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May 18, 2006

SharePoint Gets Search Analytics

Microsoft’s SharePoint Portal Server 2003 was sold into a large number of organizations based solely on the strength of the search tool. Organizations hungered for a way to find the data they had generated.

Structured data such as invoices, products, and shipments may have been easy to find in the applications designed for that data, but the growing mountain of documents seemed to make the unstructured information that you were looking for perpetually out of reach.

Search in SharePoint made significant progress in its ability to connect users with the unstructured information that they were seeking. But the effectiveness of searches depended upon the skill of the searcher and the alignment of the terms that the searcher used to the terms in the documents. The world of search analytics was still very foreign to most organizations. Thankfully, the next version of SharePoint Search with its focus on relevancy will also include reports that allow you to see the effectiveness of the searches users are executing.

Microsoft Office SharePoint Server 2007 is a part of the Office System and is set to debut sometime in late 2006 or early 2007. Microsoft Office SharePoint Server 2007 includes numerous enhancements designed to improve search relevance, Internet usage, content management scenarios, and many other features which were shared this week at the SharePoint Conference in Bellevue, Wash., this week.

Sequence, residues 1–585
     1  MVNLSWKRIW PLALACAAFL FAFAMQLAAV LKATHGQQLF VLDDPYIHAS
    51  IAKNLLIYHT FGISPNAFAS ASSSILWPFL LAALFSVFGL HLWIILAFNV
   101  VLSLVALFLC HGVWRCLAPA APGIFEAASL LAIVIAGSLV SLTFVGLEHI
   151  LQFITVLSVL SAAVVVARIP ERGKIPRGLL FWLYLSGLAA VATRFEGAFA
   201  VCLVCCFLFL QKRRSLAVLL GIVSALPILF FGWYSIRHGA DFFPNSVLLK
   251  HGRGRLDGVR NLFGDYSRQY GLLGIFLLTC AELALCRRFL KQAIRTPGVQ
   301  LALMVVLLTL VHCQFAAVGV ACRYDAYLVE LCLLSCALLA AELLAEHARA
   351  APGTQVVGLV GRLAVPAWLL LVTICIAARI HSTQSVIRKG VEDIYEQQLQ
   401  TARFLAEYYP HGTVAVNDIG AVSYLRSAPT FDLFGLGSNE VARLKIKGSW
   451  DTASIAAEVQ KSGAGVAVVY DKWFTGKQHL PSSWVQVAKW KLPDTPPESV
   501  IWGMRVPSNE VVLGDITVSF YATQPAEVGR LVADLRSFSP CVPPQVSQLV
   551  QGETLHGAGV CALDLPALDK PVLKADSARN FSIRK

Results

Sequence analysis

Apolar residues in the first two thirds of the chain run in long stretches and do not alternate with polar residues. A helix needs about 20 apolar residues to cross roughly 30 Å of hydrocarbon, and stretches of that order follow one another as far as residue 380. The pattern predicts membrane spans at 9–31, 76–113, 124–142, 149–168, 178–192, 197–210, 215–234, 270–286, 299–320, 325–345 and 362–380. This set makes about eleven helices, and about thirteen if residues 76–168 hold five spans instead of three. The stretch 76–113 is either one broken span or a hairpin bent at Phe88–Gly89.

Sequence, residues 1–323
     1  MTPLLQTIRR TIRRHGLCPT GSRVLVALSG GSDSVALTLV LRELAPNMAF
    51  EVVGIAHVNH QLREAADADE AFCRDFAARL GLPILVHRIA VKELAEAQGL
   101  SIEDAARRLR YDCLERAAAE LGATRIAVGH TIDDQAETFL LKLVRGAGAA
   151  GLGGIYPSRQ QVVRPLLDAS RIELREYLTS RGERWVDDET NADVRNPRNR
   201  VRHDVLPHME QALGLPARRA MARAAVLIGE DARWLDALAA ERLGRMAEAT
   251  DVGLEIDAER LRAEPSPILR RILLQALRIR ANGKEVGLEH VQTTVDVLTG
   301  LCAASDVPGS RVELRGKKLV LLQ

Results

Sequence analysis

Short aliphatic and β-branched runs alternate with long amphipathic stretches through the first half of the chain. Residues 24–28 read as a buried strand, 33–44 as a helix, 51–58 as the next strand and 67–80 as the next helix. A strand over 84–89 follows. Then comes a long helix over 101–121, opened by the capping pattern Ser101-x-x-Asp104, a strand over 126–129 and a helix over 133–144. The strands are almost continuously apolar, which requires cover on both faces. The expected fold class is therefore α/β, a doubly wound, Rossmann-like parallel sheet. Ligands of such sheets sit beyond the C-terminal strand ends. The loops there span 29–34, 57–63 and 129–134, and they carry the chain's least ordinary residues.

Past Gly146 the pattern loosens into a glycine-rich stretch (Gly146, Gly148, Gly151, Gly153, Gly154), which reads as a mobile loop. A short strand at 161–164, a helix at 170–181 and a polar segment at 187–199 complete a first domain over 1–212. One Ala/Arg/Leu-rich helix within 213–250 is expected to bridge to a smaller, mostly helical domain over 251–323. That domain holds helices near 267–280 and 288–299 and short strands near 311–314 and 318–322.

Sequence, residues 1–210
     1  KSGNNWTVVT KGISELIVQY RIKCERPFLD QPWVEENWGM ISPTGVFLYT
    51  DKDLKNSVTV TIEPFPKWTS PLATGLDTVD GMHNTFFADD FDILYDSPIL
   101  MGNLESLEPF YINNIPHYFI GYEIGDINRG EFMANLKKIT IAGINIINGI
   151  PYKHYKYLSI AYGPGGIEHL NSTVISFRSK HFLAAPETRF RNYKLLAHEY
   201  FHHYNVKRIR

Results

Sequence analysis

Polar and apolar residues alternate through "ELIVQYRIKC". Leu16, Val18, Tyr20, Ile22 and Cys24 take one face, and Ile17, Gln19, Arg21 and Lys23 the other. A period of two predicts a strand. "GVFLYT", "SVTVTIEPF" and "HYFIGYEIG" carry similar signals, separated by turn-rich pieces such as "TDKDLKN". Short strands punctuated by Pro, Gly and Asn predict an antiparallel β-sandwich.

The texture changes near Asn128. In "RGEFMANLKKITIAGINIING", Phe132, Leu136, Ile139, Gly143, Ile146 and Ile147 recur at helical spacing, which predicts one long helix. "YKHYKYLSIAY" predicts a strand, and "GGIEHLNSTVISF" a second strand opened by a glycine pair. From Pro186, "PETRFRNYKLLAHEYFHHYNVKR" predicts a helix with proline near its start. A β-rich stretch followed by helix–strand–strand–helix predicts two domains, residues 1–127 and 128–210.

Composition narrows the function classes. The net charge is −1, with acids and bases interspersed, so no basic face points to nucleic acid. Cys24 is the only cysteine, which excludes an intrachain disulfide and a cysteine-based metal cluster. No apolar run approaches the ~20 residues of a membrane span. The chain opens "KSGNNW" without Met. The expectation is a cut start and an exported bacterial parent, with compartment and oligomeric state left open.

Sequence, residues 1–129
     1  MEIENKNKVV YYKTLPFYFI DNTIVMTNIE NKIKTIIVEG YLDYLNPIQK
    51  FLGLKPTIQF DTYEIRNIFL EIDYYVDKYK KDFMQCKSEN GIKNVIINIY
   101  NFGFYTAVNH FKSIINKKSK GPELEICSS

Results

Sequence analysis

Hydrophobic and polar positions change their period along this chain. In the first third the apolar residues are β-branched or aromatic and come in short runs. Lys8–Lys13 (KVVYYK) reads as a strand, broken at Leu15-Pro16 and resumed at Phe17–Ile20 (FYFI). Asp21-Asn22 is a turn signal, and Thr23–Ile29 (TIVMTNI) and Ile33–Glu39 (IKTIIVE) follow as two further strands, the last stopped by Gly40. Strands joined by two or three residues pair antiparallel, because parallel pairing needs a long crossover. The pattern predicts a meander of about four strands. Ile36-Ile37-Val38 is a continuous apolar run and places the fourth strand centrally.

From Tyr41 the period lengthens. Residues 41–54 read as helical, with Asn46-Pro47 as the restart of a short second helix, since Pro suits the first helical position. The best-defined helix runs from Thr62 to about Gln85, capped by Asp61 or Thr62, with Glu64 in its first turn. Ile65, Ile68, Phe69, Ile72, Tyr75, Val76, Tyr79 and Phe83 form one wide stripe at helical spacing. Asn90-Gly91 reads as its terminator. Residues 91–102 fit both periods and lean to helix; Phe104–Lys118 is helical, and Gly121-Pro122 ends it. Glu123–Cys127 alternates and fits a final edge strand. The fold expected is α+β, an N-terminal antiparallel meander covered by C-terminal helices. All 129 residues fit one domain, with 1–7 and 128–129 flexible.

In this article you’ll learn about the basics of search analytics, what you can do today to improve your search results, and what to expect in Microsoft Office SharePoint Server 2007.

Move beyond mere source control to the problems source control doesn’t solve

If you’ve ever working on a multi-person development project that didn’t use some sort of source control system, you’re probably painfully aware of what it feels like to loose some of your hard earned work. Sure you may be able to reproduce the work but the feeling that you’ve already made the investment to create it once is very nagging.

Even if you’ve used source control systems you may have noticed that there are certain problems that a source control system doesn’t solve. Managing configuration files, consistency of file locations, standard coding practices, a check-in schedule, and a build process are all examples of application development problems that having a source control system with check-in and check-out won’t solve.

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